McDaniel v. Herald Sun News et al

Filing 3

ORDER signed by Magistrate Judge Deborah Barnes on 5/11/2017 ORDERING that the complaint is DISMISSED with leave to amend. Within 28 days Plaintiff may file an amended complaint. (Zignago, K.)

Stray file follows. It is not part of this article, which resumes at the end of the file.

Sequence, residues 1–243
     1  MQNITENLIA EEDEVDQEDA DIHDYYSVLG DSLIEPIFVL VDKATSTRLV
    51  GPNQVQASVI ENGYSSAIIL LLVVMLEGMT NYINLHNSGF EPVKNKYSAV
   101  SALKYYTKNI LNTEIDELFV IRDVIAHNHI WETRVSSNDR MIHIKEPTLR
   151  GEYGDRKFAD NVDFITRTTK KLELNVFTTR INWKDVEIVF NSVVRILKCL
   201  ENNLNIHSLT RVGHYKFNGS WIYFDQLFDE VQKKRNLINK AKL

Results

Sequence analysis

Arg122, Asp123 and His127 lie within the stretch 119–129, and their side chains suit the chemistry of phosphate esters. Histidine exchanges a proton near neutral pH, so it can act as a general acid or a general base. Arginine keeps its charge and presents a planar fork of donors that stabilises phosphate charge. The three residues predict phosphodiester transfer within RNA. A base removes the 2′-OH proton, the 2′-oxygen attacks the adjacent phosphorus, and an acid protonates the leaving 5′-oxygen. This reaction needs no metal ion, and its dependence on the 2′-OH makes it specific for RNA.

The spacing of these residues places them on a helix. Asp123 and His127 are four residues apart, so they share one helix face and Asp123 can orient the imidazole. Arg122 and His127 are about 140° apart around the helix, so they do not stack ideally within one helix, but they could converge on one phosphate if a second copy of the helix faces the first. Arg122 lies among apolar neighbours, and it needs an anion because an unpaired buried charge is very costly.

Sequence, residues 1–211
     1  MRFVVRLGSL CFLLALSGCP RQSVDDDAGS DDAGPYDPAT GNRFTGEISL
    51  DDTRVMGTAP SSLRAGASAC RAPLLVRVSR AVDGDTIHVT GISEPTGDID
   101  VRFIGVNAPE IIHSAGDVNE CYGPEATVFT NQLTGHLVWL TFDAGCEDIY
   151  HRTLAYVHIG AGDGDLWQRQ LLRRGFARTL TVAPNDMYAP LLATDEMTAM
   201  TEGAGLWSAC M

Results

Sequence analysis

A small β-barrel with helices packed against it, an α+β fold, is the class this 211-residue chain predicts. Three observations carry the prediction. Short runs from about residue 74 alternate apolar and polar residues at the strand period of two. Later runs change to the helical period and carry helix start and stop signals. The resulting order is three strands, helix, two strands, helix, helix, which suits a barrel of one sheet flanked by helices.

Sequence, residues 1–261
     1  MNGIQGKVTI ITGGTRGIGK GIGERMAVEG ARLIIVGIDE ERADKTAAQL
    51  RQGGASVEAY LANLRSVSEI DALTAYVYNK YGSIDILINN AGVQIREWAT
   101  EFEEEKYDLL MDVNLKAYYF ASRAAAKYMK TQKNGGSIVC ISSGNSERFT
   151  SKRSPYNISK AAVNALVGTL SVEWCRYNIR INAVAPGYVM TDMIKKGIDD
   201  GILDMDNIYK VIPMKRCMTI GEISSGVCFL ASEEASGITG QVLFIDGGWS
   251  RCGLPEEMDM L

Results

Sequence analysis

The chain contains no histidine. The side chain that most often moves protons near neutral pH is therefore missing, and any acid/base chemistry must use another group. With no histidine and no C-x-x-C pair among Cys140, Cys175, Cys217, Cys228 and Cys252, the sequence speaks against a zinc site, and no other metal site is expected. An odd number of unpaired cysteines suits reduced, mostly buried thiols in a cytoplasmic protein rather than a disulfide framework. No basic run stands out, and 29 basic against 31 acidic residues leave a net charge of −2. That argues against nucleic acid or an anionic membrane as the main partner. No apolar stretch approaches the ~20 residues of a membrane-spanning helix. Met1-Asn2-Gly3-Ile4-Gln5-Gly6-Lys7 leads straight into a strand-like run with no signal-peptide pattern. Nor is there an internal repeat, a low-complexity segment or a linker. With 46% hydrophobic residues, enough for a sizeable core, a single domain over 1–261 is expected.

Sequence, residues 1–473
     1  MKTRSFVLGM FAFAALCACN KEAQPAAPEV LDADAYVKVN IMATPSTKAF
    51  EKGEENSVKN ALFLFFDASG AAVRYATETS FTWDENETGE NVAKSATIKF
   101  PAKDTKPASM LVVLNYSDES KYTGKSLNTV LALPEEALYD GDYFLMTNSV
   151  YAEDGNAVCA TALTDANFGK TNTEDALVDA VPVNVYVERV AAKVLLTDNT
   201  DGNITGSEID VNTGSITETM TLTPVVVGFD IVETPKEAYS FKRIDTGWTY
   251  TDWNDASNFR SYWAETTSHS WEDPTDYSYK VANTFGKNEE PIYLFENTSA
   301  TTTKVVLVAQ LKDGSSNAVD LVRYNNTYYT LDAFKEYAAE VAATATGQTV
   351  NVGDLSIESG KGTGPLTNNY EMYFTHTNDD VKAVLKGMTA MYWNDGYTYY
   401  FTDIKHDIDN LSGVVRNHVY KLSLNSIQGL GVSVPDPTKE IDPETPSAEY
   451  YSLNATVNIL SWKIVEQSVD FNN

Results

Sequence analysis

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1 2 3 4 5 6 7 8 UNITED STATES DISTRICT COURT 9 FOR THE EASTERN DISTRICT OF CALIFORNIA 10 11 RONNIE LEE McDANIEL, et al., 12 No. 2:17-cv-0683 MCE DB PS Plaintiffs, 13 v. ORDER 14 HERALD SUN NEWS, et al., 15 Defendants. 16 17 Plaintiff Ronnie Lee McDaniel is proceeding in this action pro se. This matter was 18 referred to the undersigned in accordance with Local Rule 302(c)(21) and 28 U.S.C. § 636(b)(1). 19 Pending before the court are plaintiffs’ complaint and plaintiff Ronnie Lee McDaniel’s motion to 20 proceed in forma pauperis pursuant to 28 U.S.C. § 1915. (ECF Nos. 1 & 2.) Therein, plaintiff 21 McDaniel alleges that the defendants wrongfully accused him of being a child molester. The court is required to screen complaints brought by parties proceeding in forma 22 23 pauperis. See 28 U.S.C. § 1915(e)(2); see also Lopez v. Smith, 203 F.3d 1122, 1129 (9th Cir. 24 2000) (en banc). Here, plaintiffs’ complaint is deficient. Accordingly, for the reasons stated 25 below, plaintiffs’ complaint will be dismissed with leave to amend. 26 I. 27 28 Plaintiffs’ Applications to Proceed In Forma Pauperis Filing fees must be paid unless each plaintiff applies for and is granted leave to proceed in forma pauperis. Here, plaintiff RMDI Industries has not paid the applicable filing fees. Nor can 1 1 plaintiff RMDI Industries proceed in forma pauperis. In this regard, the statute that permits a 2 party to proceed in forma pauperis only extends to individuals, not to artificial entities. Rowland 3 v. Calif. Men’s Colony, 506 U.S. 194, 196 (1993). 4 Plaintiff McDaniel’s in forma pauperis application does make the financial showing 5 required by 28 U.S.C. § 1915(a)(1). However, a determination that a plaintiff qualifies 6 financially for in forma pauperis status does not complete the inquiry required by the statute. “‘A 7 district court may deny leave to proceed in forma pauperis at the outset if it appears from the face 8 of the proposed complaint that the action is frivolous or without merit.’” Minetti v. Port of 9 Seattle, 152 F.3d 1113, 1115 (9th Cir. 1998) (quoting Tripati v. First Nat. Bank & Trust, 821 F.2d 10 1368, 1370 (9th Cir. 1987)); see also McGee v. Department of Child Support Services, 584 Fed. 11 Appx. 638 (9th Cir. 2014) (“the district court did not abuse its discretion by denying McGee’s 12 request to proceed IFP because it appears from the face of the amended complaint that McGee’s 13 action is frivolous or without merit”); Smart v. Heinze, 347 F.2d 114, 116 (9th Cir. 1965) (“It is 14 the duty of the District Court to examine any application for leave to proceed in forma pauperis to 15 determine whether the proposed proceeding has merit and if it appears that the proceeding is 16 without merit, the court is bound to deny a motion seeking leave to proceed in forma pauperis.”). 17 Moreover, the court must dismiss an in forma pauperis case at any time if the allegation of 18 poverty is found to be untrue or if it is determined that the action is frivolous or malicious, fails to 19 state a claim on which relief may be granted, or seeks monetary relief against an immune 20 defendant. See 28 U.S.C. § 1915(e)(2). A complaint is legally frivolous when it lacks an 21 arguable basis in law or in fact. Neitzke v. Williams, 490 U.S. 319, 325 (1989); Franklin v. 22 Murphy, 745 F.2d 1221, 1227-28 (9th Cir. 1984). Under this standard, a court must dismiss a 23 complaint as frivolous where it is based on an indisputably meritless legal theory or where the 24 factual contentions are clearly baseless. Neitzke, 490 U.S. at 327; 28 U.S.C. § 1915(e). 25 To state a claim on which relief may be granted, the plaintiff must allege “enough facts to 26 state a claim to relief that is plausible on its face.” Bell Atlantic Corp. v. Twombly, 550 U.S. 544, 27 570 (2007). In considering whether a complaint states a cognizable claim, the court accepts as 28 true the material allegations in the complaint and construes the allegations in the light most 2 1 favorable to the plaintiff. Hishon v. King & Spalding, 467 U.S. 69, 73 (1984); Hosp. Bldg. Co. v. 2 Trustees of Rex Hosp., 425 U.S. 738, 740 (1976); Love v. United States, 915 F.2d 1242, 1245 3 (9th Cir. 1989). Pro se pleadings are held to a less stringent standard than those drafted by 4 lawyers. Haines v. Kerner, 404 U.S. 519, 520 (1972). However, the court need not accept as true 5 conclusory allegations, unreasonable inferences, or unwarranted deductions of fact. Western 6 Mining Council v. Watt, 643 F.2d 618, 624 (9th Cir. 1981). 7 The minimum requirements for a civil complaint in federal court are as follows: 8 A pleading which sets forth a claim for relief . . . shall contain (1) a short and plain statement of the grounds upon which the court’s jurisdiction depends . . . , (2) a short and plain statement of the claim showing that the pleader is entitled to relief, and (3) a demand for judgment for the relief the pleader seeks. 9 10 11 Fed. R. Civ. P. 8(a). 12 II. 13 Plaintiffs’ Complaint The complaint asserts that this action is brought by two plaintiffs—Ronnie Lee McDaniel 14 and RMD Industries. However, the complaint is signed only by plaintiff McDaniel. In this 15 regard, the right to represent oneself pro se is personal to the plaintiff and does not extend to other 16 parties. Simon v. Hartford Life, Inc., 546 F.3d 661, 664 (9th Cir. 2008); see also Russell v. 17 United States, 308 F.2d 78, 79 (9th Cir. 1962) (“A litigant appearing in propria persona has no 18 authority to represent anyone other than himself.”). A non-attorney “has no authority to appear as 19 an attorney for others than himself.” C.E. Pope Equity Trust v. U.S., 818 F.2d 696, 697 (9th Cir. 20 1987). Individuals who are representing themselves in this court may not delegate the litigation 21 of their claims to any other individual. Local Rule 183(a). 22 Moreover, a corporation or other entity may appear only by an attorney. See Local Rule 23 183(a). Unlicensed laypersons, including the owners of companies, officers of a corporation, 24 partners of a partnership, and members of an association may not represent their entities “pro se.” 25 Rowland, 506 U.S. at 201-02 (“It has been the law for the better part of two centuries . . . that a 26 corporation may appear in the federal courts only through licensed counsel . . . . [T]hat rule 27 applies equally to all artificial entities.”); United States v. High Country Broadcasting Co., Inc., 3 28 F.3d 1244, 1245 (9th Cir. 1993) (affirming district court’s entry of default judgment against the 3 1 corporation when the corporation failed to retain counsel for the duration of the litigation and 2 attempted to proceed through its unlicensed president and sole shareholder). 3 With respect to the allegations found in the complaint, the complaint fails to contain a 4 short and plain statement of a claim showing that plaintiffs are entitled to relief. In this regard, 5 plaintiffs’ complaint is entirely devoid of any factual allegations or clearly asserted causes of 6 action. Instead, the complaint alleges, in a vague and conclusory manner, that “the defendants all 7 as a group initiated or took part in a scheme to falsely accuse [plaintiff] of being a child molester . 8 . . .” (Compl. (ECF No. 1) at 5.) 9 Although the Federal Rules of Civil Procedure adopt a flexible pleading policy, a 10 complaint must give the defendant fair notice of the plaintiff’s claims and must allege facts that 11 state the elements of each claim plainly and succinctly. Fed. R. Civ. P. 8(a)(2); Jones v. 12 Community Redev. Agency, 733 F.2d 646, 649 (9th Cir. 1984). “A pleading that offers ‘labels 13 and conclusions’ or ‘a formulaic recitation of the elements of cause of action will not do.’ Nor 14 does a complaint suffice if it tenders ‘naked assertions’ devoid of ‘further factual 15 enhancements.’” Ashcroft v. Iqbal, 556 U.S.662, 678 (2009) (quoting Twombly, 550 U.S. at 555, 16 557). A plaintiff must allege with at least some degree of particularity overt acts which the 17 defendants engaged in that support the plaintiff’s claims. Jones, 733 F.2d at 649. 18 19 20 Accordingly, plaintiffs’ complaint will be dismissed for failure to state a cognizable claim. III. Leave to Amend The undersigned has carefully considered whether plaintiffs may amend the complaint to 21 state a claim upon which relief can be granted. “Valid reasons for denying leave to amend 22 include undue delay, bad faith, prejudice, and futility.” California Architectural Bldg. Prod. v. 23 Franciscan Ceramics, 818 F.2d 1466, 1472 (9th Cir. 1988); see also Klamath-Lake Pharm. Ass’n 24 v. Klamath Med. Serv. Bureau, 701 F.2d 1276, 1293 (9th Cir. 1983) (holding that while leave to 25 amend shall be freely given, the court does not have to allow futile amendments). 26 However, when evaluating the failure to state a claim, the complaint of a pro se plaintiff 27 may be dismissed “only where ‘it appears beyond doubt that the plaintiff can prove no set of facts 28 in support of his claim which would entitle him to relief.’” Franklin v. Murphy, 745 F.2d 1221, 4 1 1228 (9th Cir. 1984) (quoting Haines v. Kerner, 404 U.S. 519, 521 (1972); see also Weilburg v. 2 Shapiro, 488 F.3d 1202, 1205 (9th Cir. 2007) (“Dismissal of a pro se complaint without leave to 3 amend is proper only if it is absolutely clear that the deficiencies of the complaint could not be 4 cured by amendment.”) (quoting Schucker v. Rockwood, 846 F.2d 1202, 1203-04 (9th Cir. 5 1988)). 6 Here, given the complaint’s total lack of factual allegations, the undersigned cannot yet 7 say that it appears beyond doubt that leave to amend would be futile. Plaintiffs’ complaint will 8 therefore be dismissed, and plaintiffs will be granted leave to file an amended complaint. 9 Plaintiffs are cautioned, however, that if plaintiffs elect to file an amended complaint “the tenet 10 that a court must accept as true all of the allegations contained in a complaint is inapplicable to 11 legal conclusions. Threadbare recitals of the elements of a cause of action, supported by mere 12 conclusory statements, do not suffice.” Ashcroft, 556 U.S. at 678. “While legal conclusions can 13 provide the complaint’s framework, they must be supported by factual allegations.” Id. at 679. 14 Those facts must be sufficient to push the claims “across the line from conceivable to 15 plausible[.]” Id. at 680 (quoting Twombly, 550 U.S. at 557). 16 Plaintiffs are also reminded that the court cannot refer to a prior pleading in order to make 17 an amended complaint complete. Local Rule 220 requires that any amended complaint be 18 complete in itself without reference to prior pleadings. The amended complaint will supersede 19 the original complaint. See Loux v. Rhay, 375 F.2d 55, 57 (9th Cir. 1967). Thus, in an amended 20 complaint, just as if it were the initial complaint filed in the case, each defendant must be listed in 21 the caption and identified in the body of the complaint, and each claim and the involvement of 22 each defendant must be sufficiently alleged. Any amended complaint which plaintiffs may elect 23 to file must also include concise but complete factual allegations describing the conduct and 24 events which underlie plaintiffs’ claims. 25 //// 26 //// 27 //// 28 //// 5 1 IV. Conclusion 2 Accordingly, IT IS HEREBY ORDERED that: 3 1. The complaint filed March 31, 2017 (ECF No. 1) is dismissed with leave to amend. 1 4 2. Within twenty-eight days from the date of this order, an amended complaint shall be 5 filed that cures the defects noted in this order and complies with the Federal Rules of Civil 6 Procedure and the Local Rules of Practice. 2 The amended complaint must bear the case number 7 assigned to this action and must be titled “Amended Complaint.” 3 8 9 10 3. Failure to comply with this order in a timely manner may result in a recommendation that this action be dismissed. DATED: May 11, 2017 11 /s/ DEBORAH BARNES UNITED STATES MAGISTRATE JUDGE 12 13 14 15 16 17 18 19 20 21 22 23 24 1 25 26 27 28 Plaintiff Ronnie McDaniel need not file another application to proceed in forma pauperis at this time unless plaintiff McDaniel’s financial condition has improved since the last such application was submitted. 2 Alternatively, if plaintiffs no longer wish to pursue this action plaintiffs may file a notice of voluntary dismissal of this action pursuant to Rule 41 of the Federal Rules of Civil Procedure. 3 If an amended complaint is filed, that lists RMD Industries as a plaintiff, RMD Industries must pay the applicable filing fee and appear through counsel. 6